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Latest Ctenophores Stories

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2010-10-12 11:47:23

Despite its primitive structure, the North American comb jellyfish can sneak up on its prey like a high-tech stealth submarine, making it a successful predator. Researchers, including one from the University of Gothenburg, have now been able to show how the jellyfish makes itself hydrodynamically 'invisible'. The North American comb jellyfish Mnemiopsis leidyi has long been known to consume vast quantities of zooplankton. A few years ago the species became established in Northern Europe. Like...

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2010-06-09 14:21:49

Researchers at the University of Gothenburg have discovered a new sea anemone that is thought to have established itself in Swedish waters. Larvae from similar anemones cause skin problems for sea bathers in the USA. Researchers at the Department of Marine Ecology at the University of Gothenburg have been following the invasion of the American comb jellyfish, Mnemiopsis, for several years. They have now discovered that it contains larvae from another species: a sea anemone that lives on it as...


Latest Ctenophores Reference Libraries

Warty Comb Jelly, Mnemiopsis leidyi
2014-01-05 00:00:00

The Warty Comb Jelly (Mnemiopsis leidyi), also known as the Sea Walnut, is a species of tentaculate ctenophore originally native to the western Atlantic coastal waters. Three species of Mnemiopsis have been named, but are now generally categorized as different ecological forms of the species leidyi. This species tolerates a wide range of salinity (2 to 38 psu), temperature (36 to 90 degrees F), and water quality. This creature was introduced in the Black Sea in the 1980s, where only one...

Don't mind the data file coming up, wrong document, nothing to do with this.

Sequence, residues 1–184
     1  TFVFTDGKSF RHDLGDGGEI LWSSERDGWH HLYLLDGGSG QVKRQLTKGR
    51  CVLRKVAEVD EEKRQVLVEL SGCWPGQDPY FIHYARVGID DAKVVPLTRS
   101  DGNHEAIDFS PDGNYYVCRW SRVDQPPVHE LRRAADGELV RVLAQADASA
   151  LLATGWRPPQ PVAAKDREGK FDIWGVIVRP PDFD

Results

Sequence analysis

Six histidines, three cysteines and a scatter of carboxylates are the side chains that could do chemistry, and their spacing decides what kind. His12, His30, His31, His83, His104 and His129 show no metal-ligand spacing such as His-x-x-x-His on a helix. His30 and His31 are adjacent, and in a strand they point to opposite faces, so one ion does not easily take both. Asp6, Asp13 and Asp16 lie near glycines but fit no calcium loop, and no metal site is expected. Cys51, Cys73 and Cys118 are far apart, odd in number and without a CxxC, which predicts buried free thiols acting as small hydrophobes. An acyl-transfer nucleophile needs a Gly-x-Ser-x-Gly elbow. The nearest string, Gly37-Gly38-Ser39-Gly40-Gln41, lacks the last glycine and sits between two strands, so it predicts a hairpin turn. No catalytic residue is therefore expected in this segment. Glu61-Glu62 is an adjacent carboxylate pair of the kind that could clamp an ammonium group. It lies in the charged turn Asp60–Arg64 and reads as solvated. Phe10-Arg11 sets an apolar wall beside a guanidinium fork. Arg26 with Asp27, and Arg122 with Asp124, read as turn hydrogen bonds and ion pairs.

Bathocyroe fosteri
2014-01-05 00:00:00

Bathocyroe fosteri is a species of lobate ctenophore found in all oceans around the world. It is typically found at intermediate depths and is very abundant near the Mid-Atlantic Ridge. This deep-sea comb jelly is named for Alvin (DSV-2) pilot Dudley Foster, who is credited with first collecting the specimens. This specimen measures about two inches tall and is bioluminescent. This species, as well as other ctenophores, reproduce sexually, with little to know self-fertilization known....

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Word of the Day
malpais
  • The ragged surface of a lava-flow.
'Malpais' translates from Spanish as 'bad land.'